Articles: Graphics
 

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Multi-Monitor Configurations

Nvidia's GeForce 2MX series was the first to support two displays over a decade ago. You had to do some complex setting-up, though, and you could only normally connect a TV-set with S-Video interface as a second display. Starting from the GeForce 4 series, the support for dual-monitor configurations has been a standard feature. Unfortunately, Nvidia was slow to progress further despite the growing popularity of multi-monitor setups. For example, TV-sets with HDMI interfaces are often connected to computers as monitors. So now Nvidia wants to catch up with the current trends by supporting up to four displays in the Kepler architecture. The GeForce GTX 680 comes with four interfaces by default: two dual-link DVIs, one HDMI and one DisplayPort.

A gamer may want to connect up to three monitors to get a panoramic picture in games and use a fourth monitor for something else.

Nvidia has also done some software optimizations for multi-monitor configurations targeted at both gamers and Windows application users.

There are changes in terms of power saving, too. Older graphics cards, when connected to two monitors, could not switch to the power-saving mode and worked at their Low 3D frequencies instead, which led to higher power consumption and temperature in idle mode.

The new graphics card has fewer limitations in this respect. It can now switch to power-saving mode even with four monitors attached if all of them use the same display resolution. But if there is at least one monitor whose resolution differs from the others', the graphics card will use the Low 3D frequencies instead.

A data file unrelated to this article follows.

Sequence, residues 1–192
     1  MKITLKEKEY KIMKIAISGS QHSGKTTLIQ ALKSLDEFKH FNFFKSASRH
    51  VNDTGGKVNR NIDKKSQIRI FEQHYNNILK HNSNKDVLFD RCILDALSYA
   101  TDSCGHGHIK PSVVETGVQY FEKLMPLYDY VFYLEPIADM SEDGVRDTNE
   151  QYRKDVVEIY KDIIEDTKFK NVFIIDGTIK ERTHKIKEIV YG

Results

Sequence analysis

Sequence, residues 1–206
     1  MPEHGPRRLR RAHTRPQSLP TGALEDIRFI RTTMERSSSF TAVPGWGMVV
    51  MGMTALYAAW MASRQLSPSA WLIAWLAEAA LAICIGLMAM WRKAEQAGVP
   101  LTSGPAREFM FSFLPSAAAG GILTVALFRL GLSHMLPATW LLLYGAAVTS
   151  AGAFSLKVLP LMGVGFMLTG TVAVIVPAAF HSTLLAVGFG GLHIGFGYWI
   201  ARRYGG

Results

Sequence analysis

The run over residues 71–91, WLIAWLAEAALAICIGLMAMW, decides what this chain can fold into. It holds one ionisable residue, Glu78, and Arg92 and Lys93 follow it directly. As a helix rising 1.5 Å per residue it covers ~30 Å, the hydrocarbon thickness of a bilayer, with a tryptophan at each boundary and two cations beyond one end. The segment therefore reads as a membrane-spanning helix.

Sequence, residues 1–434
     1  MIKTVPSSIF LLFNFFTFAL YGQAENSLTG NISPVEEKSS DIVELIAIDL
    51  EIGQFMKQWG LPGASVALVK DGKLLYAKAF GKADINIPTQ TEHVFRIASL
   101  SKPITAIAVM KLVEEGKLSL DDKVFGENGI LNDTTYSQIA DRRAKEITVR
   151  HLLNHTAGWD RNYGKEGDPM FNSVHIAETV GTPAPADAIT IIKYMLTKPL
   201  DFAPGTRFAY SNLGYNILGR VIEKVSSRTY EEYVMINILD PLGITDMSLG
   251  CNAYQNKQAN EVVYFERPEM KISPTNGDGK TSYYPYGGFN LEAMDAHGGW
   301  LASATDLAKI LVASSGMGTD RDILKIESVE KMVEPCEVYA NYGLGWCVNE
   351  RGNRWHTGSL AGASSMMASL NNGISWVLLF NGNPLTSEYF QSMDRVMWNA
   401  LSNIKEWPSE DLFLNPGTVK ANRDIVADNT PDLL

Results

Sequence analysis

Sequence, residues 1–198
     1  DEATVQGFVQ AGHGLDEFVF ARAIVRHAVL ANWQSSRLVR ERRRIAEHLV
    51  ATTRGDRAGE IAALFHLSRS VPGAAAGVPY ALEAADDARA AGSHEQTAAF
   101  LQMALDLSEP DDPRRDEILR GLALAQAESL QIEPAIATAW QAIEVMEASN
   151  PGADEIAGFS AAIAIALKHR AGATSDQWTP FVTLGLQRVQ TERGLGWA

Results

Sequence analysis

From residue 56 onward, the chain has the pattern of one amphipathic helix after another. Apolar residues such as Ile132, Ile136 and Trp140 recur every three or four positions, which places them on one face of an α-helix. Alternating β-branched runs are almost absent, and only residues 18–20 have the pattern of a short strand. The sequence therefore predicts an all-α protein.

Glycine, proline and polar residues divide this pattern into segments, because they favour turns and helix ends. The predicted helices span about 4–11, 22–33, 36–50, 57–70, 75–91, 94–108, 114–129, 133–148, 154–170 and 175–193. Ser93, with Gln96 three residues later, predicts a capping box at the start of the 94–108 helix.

NVENC Encoder

Yet another interesting feature of GK104/Kepler chip is integrated hardware video encoder known as NVENC. It can encode 1080p video in the H.264 format’s Base, Main and High 4.1 profiles in hardware, provided that the software  supports it. Nvidia claims that in terms of speed  Envencs's performance is higher than that of software solutions that utilize the GPU’s CUDA cores for video encoding. This technology seems to be targeted at notebook users who need to edit or broadcast HD video captured from camera, which means it is heavely software dependent..

Winding up the theoretical part of our review, we have to confess that the Kepler architecture looks truly impressive even on cursory inspection. It brings about a lot of diverse improvements over the previous architecture, so Nvidia can make its new product interesting to different categories of users. The new antialiasing and adaptive vertical sync algorithms help get smoother and better-looking visuals in video games. The support for up to four monitors can be interesting for gamers as well as professionals. The hardware video decoder and low power consumption are the winning points in a notebook user’s eyes. And, finally, its highest-ever performance is just what computer enthusiasts want. Let’s now check out these claims practice.

 
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